Kimiko Suzuki and her cafe for stuffed dolls. Photo by The Yomiuri Shimbun/The Japan News
A Japanese cafe for stuffed dolls by stuffed dolls
The Japan News/Asia News Network / 03:08 PM January 05, 2016
JAPAN — A cafe where stuffed dolls entertain other stuffed dolls? Believe it or not, a cafe like this actually exists in Adachi Ward, Tokyo. Opened this summer exclusively for stuffed dolls, Yawarakan’s cafe is so popular it’s fully booked until the end of March. Inquiries have even come from overseas.
This unusual cafe is located in the atelier of a house. Its size of 60 centimeters high and one meter wide is suited for stuffed dolls, and it welcomes guests with a table and chairs as well as steaming coffee.
The “staff” of Yawarakan’s cafe (yawarakan is written in hiragana) are stuffed dolls in the shape of a flatfish and a monkey. They serve guest dolls for three days, during which time the dolls enjoy such things as eating an omelet filled with fried rice, playing a card game and getting into bed at night.
The owner can watch their stuffed doll have a good time online. After its short trip ends, the doll is sent back to its owner with an album of photos recording its stay at the cafe.
“When I see these photos [that show how my doll] relaxed at the cafe, I feel it’s very active, as if it was alive,” said Kotoe Ono, a housewife in her late 30s in Taito Ward, Tokyo, who used the service. “Now I have much more affection [for the doll].”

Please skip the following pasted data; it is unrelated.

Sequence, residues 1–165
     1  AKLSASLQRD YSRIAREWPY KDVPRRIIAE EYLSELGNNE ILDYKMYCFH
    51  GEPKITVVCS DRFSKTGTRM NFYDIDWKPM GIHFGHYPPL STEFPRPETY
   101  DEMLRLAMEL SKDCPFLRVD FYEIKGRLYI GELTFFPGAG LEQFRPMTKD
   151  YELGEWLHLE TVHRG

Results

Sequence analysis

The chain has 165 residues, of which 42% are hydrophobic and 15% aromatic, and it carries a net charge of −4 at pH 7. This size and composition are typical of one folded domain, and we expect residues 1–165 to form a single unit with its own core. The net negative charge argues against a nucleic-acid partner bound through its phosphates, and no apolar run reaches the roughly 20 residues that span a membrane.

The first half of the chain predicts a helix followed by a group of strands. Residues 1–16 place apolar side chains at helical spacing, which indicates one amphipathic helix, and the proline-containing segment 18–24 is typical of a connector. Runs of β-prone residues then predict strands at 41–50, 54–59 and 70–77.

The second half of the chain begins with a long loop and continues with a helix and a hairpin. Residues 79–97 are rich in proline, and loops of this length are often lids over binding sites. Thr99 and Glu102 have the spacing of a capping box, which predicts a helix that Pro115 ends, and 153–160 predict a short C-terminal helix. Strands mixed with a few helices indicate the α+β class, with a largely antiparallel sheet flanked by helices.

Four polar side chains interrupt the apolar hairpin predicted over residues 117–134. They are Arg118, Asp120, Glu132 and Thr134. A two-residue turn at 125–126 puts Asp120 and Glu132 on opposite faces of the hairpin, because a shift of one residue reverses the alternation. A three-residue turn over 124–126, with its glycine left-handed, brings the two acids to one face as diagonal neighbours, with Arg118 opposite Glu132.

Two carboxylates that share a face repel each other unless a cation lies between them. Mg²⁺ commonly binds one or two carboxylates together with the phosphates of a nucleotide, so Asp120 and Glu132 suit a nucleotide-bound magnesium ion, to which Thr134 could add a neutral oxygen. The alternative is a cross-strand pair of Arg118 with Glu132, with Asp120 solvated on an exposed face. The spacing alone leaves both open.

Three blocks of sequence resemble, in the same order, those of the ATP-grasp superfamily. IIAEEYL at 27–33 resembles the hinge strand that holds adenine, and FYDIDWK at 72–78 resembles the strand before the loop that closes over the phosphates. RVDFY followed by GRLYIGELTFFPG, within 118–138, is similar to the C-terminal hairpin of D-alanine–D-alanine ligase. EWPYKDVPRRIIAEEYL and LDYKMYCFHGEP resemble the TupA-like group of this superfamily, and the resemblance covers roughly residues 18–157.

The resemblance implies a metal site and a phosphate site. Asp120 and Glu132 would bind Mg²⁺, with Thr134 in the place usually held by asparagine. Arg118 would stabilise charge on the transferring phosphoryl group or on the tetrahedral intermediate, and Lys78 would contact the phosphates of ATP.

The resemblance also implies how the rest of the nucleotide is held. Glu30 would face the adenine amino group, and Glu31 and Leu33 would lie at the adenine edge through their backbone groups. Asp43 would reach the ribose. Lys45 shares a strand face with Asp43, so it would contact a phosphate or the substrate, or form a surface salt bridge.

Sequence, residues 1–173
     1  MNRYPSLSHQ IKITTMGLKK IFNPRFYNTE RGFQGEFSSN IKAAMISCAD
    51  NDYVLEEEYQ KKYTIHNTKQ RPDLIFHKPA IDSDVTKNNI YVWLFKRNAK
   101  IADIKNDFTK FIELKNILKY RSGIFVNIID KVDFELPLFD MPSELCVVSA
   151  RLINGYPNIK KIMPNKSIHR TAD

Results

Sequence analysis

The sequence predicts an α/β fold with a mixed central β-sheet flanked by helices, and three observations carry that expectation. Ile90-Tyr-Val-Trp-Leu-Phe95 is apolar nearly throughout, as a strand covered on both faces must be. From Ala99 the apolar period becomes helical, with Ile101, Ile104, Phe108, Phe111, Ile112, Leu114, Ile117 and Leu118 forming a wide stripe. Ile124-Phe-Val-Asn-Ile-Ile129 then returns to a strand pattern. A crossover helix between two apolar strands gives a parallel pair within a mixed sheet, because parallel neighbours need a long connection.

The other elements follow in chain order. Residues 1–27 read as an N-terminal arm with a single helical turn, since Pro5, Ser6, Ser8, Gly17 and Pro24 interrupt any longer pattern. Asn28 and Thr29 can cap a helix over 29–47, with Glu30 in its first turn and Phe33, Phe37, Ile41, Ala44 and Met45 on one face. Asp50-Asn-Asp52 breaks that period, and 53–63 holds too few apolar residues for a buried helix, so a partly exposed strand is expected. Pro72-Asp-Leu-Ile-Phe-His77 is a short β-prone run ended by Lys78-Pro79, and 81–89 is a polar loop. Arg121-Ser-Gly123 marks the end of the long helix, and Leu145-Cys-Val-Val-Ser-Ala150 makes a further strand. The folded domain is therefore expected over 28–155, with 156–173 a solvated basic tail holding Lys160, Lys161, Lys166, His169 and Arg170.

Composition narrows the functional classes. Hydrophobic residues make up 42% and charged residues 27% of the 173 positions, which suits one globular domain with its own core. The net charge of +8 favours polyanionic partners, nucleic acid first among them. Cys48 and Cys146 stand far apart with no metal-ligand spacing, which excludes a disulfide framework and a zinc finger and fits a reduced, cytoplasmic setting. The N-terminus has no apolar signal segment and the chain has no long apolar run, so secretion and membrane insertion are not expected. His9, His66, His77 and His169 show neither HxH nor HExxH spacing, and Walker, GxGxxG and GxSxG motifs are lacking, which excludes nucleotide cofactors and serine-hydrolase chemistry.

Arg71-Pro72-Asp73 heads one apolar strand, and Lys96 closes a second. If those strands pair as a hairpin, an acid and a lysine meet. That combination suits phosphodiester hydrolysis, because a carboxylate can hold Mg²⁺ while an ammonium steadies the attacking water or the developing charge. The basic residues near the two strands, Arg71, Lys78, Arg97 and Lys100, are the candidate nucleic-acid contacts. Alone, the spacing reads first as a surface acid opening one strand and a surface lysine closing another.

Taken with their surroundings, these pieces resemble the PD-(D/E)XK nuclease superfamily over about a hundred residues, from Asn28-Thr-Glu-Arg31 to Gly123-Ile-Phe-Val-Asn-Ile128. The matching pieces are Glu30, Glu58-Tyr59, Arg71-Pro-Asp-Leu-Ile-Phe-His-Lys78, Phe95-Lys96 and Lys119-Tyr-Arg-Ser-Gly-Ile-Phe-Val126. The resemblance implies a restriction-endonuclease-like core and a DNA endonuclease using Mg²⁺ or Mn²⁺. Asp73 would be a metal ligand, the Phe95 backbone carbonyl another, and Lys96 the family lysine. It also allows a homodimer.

The cafe is operated by Kimiko Suzuki, who was in charge of marketing research on designs and demand for stuffed dolls at a toy manufacturer for 10 years. After learning about businesses for cleaning stuffed dolls and taking stuffed dolls on trips, Suzuki quit the company three years ago and started her own business.
The basic fee is ¥4,600 (P1,808) plus tax. Each opening is booked within about 10 minutes after applications begin to be accepted. Clients are mainly women in their 30s and 40s. The cafe has also received about 10 inquiries about using the service from people overseas, such as the United States and Hong Kong.
Suzuki, a self-proclaimed “nuigurumist” (lover of stuffed dolls), has been surprised at the popularity.
“I feel my stuffed dolls are my family. I want to share that feeling with other people through the cafe service,” Suzuki said.
“As people marry later and later in life, more and more people in their 20s to 40s who live alone want to find comfort and relaxation in stuffed dolls,” said Harumi Kozuka of the Japan Nuigurumi Association. “Fans of stuffed dolls have started interacting with each other through Facebook and demand for stuffed dolls has been revealed as a result. These factors have helped launch new businesses.”